Welcome to the final 2019 issue of Construction Journal where we look to the future!
Of course, for the UK with Brexit pending, 2020 is shaping up to be another challenging year. By looking forward however, we have chosen to avoid speculating on the unknown and instead focus on what we do know: the quantity surveying and project management professions and how they contribute to the future.
With that in mind, Anil Sawhney talks about the International Construction Measurement Standards (ICMS) and how the freshly launched second edition of ICMS (ICMS 2) has extended the scope of the standard to include life-cycle costs for constructed assets.
ICMS 2 marks the start of an exciting period for RICS, as Alan Muse notes in his leader article. RICS will be both refreshing and publishing new standards and guidance to incorporate the principles of ICMS 2, all of which we will be covering in the journal.
One such standard is the new Cost prediction professional statement. RICS is currently inviting comments on the professional statement – make sure you have your say here.
Looking ahead in terms of emerging and developing technologies – and following RICS' recently published insight paper Drones: applications and compliance for surveyors – the author Peter Kinghan discusses the potential of the drone industry, with a particular focus on the use of drones in construction.
Though not quite as novel, HMRC's new Making Tax Digital scheme is another technological advancement affecting the construction industry. With a deluge of guidance to choose from, we've tried to pull together all you need to know in one article.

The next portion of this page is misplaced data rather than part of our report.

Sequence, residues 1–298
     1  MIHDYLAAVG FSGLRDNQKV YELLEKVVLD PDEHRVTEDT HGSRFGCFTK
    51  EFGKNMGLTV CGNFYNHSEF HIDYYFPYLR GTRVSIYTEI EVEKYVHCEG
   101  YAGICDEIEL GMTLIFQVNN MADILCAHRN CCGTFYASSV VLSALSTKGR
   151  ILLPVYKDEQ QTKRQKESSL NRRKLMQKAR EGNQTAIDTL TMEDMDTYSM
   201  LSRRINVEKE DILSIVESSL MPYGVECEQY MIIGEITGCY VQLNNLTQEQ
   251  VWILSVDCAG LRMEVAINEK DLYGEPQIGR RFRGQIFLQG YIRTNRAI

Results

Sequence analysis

Data is, of course, key to technology, and Anne-Marie Friel discusses what your business needs to consider when developing a data strategy, while David Cohen details the principal requirements of the RICS Data management competency.
Moving on from the future of the industry, we look at the future of your career. Sarah Coleman and Prof. Mike Bourne talk about their research report Project leadership: skills, behaviours, knowledge and values and the requisite capability differences between project managers and project leaders.
And what about attracting a more diverse workforce to the industry? Steven Thompson gives an update on the new T Levels, which are designed to do just that, while Philippa Stratford discusses how considering the language we use can have a big impact on encouraging new entrants into the profession.
The future of the profession is looking good outside the UK too. Simon Saliger discusses his experiences of working as a quantity surveyor in the USA, and how the country is starting to utilise and value the quantity surveying role.
Collaboration plays a major part in the success of the profession, and Peter Hinton tells us how best to collaborate with archaeologists on building projects. In doing so, he also reminds us that the future very much depends on the decisions we make.
With that in mind, I encourage you all to vote in the elections for the RICS Governing Council's 15 geographic market seats, which are now under way. Make sure you vote by 23:59 GMT on 21 November to have your say on the future of our profession.
All that's left is to say a big thank you to our readers, authors and editorial advisory group. It's been a pleasure working with you in 2019 and I look forward to what 2020 holds for the Construction Journal. If you've got any thoughts, let me know.
Steph edits the Construction Journal and conservation-related material for the Built Environment Journal. What she enjoys most is the skills exchange involved in editing the journals – combining the technical knowledge of the authors with her understanding of writing, language and the publishing process. Her previous experience includes work on newspapers, magazines and medical journals.